Alcohol and Solvency
While the Newscripts gang has been known to indulge in a cocktail or two, we doubt that even our penchant for pricey vodka could rack up a liquor store bill in excess of $400,000. But not John Runowicz, NYU's former chemistry department budget director. Or at least that's what NYU thought he was spending at a local liquor store. Over the course of five years Runowicz submitted 13,000 receipts from the same liquor store to petty cash. He had pilfered $409,000 (that's what I call solvent!) before his repeat receipts were spotted by a curious courier. Today, as the New York Daily News reports, he was sentenced to one to three years in prison.
So, chemistry students, any way your department could credibly spend over $80,000 a year on booze?
Speaking of drinking, we read an interesting article on alcohol proof this week in the Washington Post. Proof, as you may recall, is simply the percent of alcohol times two (math even an organic chemist can do). Since alcohol is such a good solvent for flavor compounds, proof has been on the rise in spirits in recent years so that bartenders can produce potent potables that pop with flavor. Even alcohol levels in wine have been creeping up to deliver a bigger burst of fruit flavor.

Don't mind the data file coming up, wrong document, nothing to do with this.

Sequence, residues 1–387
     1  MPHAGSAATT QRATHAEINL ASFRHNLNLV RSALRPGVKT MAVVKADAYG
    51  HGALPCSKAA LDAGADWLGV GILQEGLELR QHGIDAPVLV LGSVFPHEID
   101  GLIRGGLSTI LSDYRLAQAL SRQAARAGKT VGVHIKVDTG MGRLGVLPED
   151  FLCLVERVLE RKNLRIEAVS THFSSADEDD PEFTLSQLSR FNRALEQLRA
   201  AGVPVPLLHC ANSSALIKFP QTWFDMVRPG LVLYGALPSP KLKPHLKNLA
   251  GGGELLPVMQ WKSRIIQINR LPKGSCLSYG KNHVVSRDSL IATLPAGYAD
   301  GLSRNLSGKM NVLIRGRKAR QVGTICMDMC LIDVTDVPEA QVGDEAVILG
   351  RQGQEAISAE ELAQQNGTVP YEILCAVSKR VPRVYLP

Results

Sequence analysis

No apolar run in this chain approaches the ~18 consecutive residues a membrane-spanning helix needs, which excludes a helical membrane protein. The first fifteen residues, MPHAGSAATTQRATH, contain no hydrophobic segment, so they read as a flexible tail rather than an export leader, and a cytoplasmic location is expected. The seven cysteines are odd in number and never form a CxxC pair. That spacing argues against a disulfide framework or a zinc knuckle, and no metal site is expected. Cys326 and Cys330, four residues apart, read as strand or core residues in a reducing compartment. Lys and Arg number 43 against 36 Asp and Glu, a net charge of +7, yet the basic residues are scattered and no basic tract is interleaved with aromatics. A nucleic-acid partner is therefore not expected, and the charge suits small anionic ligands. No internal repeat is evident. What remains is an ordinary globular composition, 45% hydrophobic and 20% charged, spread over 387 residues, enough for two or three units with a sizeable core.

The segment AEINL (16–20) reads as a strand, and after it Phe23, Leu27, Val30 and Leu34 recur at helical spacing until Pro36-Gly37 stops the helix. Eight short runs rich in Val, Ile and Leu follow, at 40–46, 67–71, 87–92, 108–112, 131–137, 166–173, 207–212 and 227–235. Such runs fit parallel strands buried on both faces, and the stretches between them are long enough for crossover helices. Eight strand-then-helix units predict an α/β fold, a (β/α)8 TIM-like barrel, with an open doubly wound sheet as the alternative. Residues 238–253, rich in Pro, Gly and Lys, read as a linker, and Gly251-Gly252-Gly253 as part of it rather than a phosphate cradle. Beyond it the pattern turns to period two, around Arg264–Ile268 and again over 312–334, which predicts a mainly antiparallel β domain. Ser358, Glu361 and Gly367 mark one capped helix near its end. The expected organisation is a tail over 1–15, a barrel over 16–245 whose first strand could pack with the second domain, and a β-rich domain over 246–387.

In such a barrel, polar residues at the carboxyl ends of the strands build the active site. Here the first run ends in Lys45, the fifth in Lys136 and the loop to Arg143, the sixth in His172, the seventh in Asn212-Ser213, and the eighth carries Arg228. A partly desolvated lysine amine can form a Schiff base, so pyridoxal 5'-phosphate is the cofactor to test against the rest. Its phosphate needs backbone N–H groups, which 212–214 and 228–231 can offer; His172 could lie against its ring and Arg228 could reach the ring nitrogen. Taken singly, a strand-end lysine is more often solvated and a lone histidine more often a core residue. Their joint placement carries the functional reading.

Chemist and absinthe enthusiast Ted Breaux even weighs in with an explanation of why the green fairy boasts such a high alcohol content--136 proof. "You have to bottle it at high proof because of the herbs. You want clarity, and if the proof isn't high enough, the compounds will deteriorate. The spirit becomes hazy with sediment, and it looks awful," he tells the Post.
Finally, in a tipple trifecta, a former Amgen chemist is distilling his own whiskey in the unlikely state of Utah, reports the Thousand Oaks Acorn. I got a good giggle out of this amended quote from chemist-turned-whiskey-maker David Perkins: “Making whiskey is a lot more fun than (pharmaceutical) drugs, as you get to taste the results as well as the in-between experiments.”